06 Oct Estrogen – why do fertility patients need it?
Estrogen supplements during IVF? They’re sometimes prescribed. And they’re essential for women having donor eggs, donor embryos or frozen-embryo transfers. So why do some doctors, and the leaflets in the packs, scare fertility patients by claiming estrogen can be dangerous during pregnancy? It’s hardly the best news to give would-be mums. Here’s the truth about the role estrogen plays before and after fertility treatment.
Estrogen helps to grow and maintain your endometrial lining and sustain a pregnancy. It also helps your placenta function, boosts blood flow to your uterus and primes your body for breastfeeding. In an IVF cycle, FSH medication (e.g. Menopur and Gonal-f) creates multiple follicles. Estrogen production is then stimulated, causing the uterine lining to thicken.
By the time of your trigger shot, your estradiol levels are sky-high. But let’s face it, IVF medication upsets your body’s reproductive rhythms. Some research suggests estrogen supplements late in an IVF cycle improve pregnancy rates by stabilising the uterine lining. Other studies say it’s not needed. Get your doctor’s view.
Estrogen is certainly needed during fresh donor-egg cycles. Thickening your endometrial lining after your depot injection is mandatory. Depot injections down-regulate your ovaries, affecting your natural estrogen and progesterone production.
Oral estrogen pills (e.g Progynova and Estrofem), typically 6 mg per day, are the norm. Their start date forms part of the synchronisation between your and your donor’s cycle. A lining scan at least three days before your donor’s egg retrieval gives you time to adjust your estrogen intake.
If your lining is too thin, an extra 2 mg, or even 4 mg, may be suggested. Anything more than 10 mg daily may need Clexane support to thin your blood. Vaginal insertion of those extra pills is common: estradiol heads faster to your reproductive organs that way. Oral pills take the slow road via your liver.
You want a 7-mm lining, and ideally an 8-mm one, by your donor’s egg retrieval day. That’s the day you start your progesterone supplementation. Your lining won’t thicken any more after that.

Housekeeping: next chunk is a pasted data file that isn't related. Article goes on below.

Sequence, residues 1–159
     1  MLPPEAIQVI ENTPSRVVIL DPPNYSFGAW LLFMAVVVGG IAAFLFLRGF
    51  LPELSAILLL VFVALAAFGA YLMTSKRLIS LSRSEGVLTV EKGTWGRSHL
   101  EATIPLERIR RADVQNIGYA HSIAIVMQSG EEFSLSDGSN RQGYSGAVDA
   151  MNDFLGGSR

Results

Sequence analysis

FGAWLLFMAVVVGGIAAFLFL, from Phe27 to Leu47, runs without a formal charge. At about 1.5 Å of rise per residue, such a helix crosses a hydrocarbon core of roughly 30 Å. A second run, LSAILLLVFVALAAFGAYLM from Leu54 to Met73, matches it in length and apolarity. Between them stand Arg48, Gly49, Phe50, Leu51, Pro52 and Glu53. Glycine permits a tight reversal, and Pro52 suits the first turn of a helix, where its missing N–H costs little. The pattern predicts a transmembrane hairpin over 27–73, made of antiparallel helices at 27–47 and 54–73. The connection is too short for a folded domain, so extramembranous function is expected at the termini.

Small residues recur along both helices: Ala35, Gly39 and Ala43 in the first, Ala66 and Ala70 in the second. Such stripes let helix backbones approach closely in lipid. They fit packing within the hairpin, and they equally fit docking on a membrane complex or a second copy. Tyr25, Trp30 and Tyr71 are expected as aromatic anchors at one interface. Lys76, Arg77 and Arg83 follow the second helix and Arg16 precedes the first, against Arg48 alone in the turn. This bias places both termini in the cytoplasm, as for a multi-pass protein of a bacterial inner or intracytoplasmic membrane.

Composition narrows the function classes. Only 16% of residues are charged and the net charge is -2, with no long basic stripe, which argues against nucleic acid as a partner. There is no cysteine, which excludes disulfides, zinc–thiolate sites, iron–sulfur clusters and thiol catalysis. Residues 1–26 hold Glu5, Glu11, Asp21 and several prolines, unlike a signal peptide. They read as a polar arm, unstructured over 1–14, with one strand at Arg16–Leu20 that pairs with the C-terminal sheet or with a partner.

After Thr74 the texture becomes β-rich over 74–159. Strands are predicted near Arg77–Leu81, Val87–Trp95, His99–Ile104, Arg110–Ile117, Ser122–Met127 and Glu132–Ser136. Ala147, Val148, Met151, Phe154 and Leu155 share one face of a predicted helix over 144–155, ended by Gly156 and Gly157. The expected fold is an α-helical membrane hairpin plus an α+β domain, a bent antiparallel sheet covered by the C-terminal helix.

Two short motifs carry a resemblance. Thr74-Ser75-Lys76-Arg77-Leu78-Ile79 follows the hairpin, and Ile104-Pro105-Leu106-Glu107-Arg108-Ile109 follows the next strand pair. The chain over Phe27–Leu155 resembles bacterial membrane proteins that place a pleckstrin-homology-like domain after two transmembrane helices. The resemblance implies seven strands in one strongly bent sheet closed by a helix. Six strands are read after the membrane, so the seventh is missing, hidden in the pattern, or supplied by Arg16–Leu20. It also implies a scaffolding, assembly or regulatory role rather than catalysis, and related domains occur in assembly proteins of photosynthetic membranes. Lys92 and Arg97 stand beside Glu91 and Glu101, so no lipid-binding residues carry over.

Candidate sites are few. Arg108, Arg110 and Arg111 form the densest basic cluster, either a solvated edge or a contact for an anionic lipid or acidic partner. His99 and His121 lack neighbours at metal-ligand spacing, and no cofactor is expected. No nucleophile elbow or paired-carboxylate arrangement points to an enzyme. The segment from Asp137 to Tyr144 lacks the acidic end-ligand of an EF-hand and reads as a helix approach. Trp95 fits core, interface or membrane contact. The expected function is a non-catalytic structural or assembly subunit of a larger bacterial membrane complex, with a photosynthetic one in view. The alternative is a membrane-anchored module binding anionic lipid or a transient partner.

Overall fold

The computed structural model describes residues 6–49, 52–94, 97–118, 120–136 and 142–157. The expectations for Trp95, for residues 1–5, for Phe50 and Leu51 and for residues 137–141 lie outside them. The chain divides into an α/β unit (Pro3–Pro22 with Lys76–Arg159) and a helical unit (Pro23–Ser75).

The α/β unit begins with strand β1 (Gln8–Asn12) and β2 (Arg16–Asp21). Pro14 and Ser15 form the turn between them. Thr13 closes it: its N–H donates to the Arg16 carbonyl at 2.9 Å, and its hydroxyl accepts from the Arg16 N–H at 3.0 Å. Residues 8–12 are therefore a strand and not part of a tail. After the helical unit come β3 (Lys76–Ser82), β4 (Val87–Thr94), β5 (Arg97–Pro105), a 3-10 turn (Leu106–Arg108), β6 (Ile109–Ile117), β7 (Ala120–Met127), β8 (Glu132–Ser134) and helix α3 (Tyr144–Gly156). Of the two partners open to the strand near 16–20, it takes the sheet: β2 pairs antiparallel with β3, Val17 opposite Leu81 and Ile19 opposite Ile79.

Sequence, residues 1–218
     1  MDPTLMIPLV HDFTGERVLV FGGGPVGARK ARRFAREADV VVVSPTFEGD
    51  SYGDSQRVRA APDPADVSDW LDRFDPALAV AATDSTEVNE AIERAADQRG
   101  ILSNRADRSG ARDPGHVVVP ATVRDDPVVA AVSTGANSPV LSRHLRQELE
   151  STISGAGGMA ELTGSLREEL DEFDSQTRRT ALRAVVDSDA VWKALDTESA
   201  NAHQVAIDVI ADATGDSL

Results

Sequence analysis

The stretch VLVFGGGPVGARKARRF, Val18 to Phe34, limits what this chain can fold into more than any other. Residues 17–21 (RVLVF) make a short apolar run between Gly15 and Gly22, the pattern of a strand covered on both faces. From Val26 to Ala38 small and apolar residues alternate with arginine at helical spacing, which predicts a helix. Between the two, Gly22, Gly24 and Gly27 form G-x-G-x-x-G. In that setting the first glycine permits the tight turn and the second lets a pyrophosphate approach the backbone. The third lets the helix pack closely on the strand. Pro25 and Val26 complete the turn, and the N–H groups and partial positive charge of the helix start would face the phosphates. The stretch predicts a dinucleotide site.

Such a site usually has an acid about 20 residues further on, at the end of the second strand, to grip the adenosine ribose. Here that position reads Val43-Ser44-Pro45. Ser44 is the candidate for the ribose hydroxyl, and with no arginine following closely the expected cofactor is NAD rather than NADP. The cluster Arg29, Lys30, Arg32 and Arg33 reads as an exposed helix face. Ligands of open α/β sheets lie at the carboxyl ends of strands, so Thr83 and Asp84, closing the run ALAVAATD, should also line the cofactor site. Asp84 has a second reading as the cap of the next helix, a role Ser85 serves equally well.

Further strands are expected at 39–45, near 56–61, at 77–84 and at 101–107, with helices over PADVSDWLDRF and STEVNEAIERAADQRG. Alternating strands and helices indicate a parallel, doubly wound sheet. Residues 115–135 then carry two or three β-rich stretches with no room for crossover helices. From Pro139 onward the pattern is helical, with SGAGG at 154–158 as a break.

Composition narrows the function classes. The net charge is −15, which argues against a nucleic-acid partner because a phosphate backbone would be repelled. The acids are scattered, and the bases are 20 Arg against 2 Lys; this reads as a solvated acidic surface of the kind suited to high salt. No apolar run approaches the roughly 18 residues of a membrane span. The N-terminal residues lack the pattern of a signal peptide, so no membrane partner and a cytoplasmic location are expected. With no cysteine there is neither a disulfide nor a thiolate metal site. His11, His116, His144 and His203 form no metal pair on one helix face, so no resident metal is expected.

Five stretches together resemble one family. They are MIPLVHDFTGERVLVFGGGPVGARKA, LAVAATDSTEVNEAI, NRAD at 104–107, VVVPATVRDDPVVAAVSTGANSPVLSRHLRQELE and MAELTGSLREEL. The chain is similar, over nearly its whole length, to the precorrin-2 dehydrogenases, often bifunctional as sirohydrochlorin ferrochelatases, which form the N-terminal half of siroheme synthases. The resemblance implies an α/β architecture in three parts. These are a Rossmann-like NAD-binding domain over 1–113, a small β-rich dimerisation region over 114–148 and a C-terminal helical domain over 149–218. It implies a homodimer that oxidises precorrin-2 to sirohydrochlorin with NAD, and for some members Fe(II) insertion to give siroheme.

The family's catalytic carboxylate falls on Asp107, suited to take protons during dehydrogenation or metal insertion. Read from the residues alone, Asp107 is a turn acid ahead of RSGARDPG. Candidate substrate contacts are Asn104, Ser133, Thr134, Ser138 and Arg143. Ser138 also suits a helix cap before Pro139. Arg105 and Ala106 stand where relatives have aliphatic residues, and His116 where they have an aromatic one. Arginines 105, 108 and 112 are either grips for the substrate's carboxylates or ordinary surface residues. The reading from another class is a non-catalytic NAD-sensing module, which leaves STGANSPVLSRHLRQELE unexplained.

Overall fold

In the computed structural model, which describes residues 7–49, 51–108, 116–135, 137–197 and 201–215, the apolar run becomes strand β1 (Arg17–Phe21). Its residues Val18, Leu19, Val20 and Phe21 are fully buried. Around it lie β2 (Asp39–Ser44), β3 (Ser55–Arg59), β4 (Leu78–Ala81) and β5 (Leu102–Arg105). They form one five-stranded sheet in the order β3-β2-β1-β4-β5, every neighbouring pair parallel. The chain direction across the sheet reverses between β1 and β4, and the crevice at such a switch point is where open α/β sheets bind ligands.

So what’s the deal with estrogen and FETs? Once again, estrogen is needed to grow your lining and keep it thick. Because a reasonably high dose of estrogen is taken from day 2 of your cycle in an FET protocol, the hormone is a down-regulator and prevents ovulation. So your ovaries won’t interfere with the embryos you put back in.
But no ovarian activity means no natural estrogen. So, as for fresh donor eggs, you need artificial estrogen support until at least week nine of your pregnancy. Your clinic should tell you how to reduce your estrogen (and progesterone) from the 8-week mark or so.
Occasionally, patients just don’t respond well to estrogen pills. And women with a past history of cancer are sometimes told not to take them. In this case, embryo transfer during a natural-cycle FET may be best.
You’ll take no estrogens at all from the start of your natural bleed. Then you’ll have a scan around day 10 to see if your body’s natural estrogen has plumped up your lining sufficiently. If it has, and if we see good natural follicle growth, you’ll take a trigger shot to disperse the follicles and start your progesterone support a few days later. Embryo transfer will be five days after that.
Estrogen pills are commonly dispensed as Estrofem, Progynova, Provames, Climaval, Estrace and Estrimax. Patches include Estraderm and Estrahexal. A combination of pills and patches is sometimes prescribed to patients with ‘lazy’ linings.
We’ve also seen more use of estrogen gel by our clinic in recent years. For fertility patients, a 2018 study found that estrogen gel enhanced ongoing pregnancy and live birth rates compared to estrogen pills. And a 2020 study saw better endometrial thickness and fewer side effects. We predict oestrogel will be used more routinely by clinics in the future.
As for side effects, expect a few – particularly if you take your estrogen orally. Mild symptoms include headaches, nausea, fluid retention, tender breasts, irritability and mild depression.
A very small number of women risk more serious problems like chronic insomnia, stroke, blood clots and even ovarian cancer. But this is rare. For most women, estrogen has positive effects. And for fertility cycles, it’s the gateway to a successful pregnancy.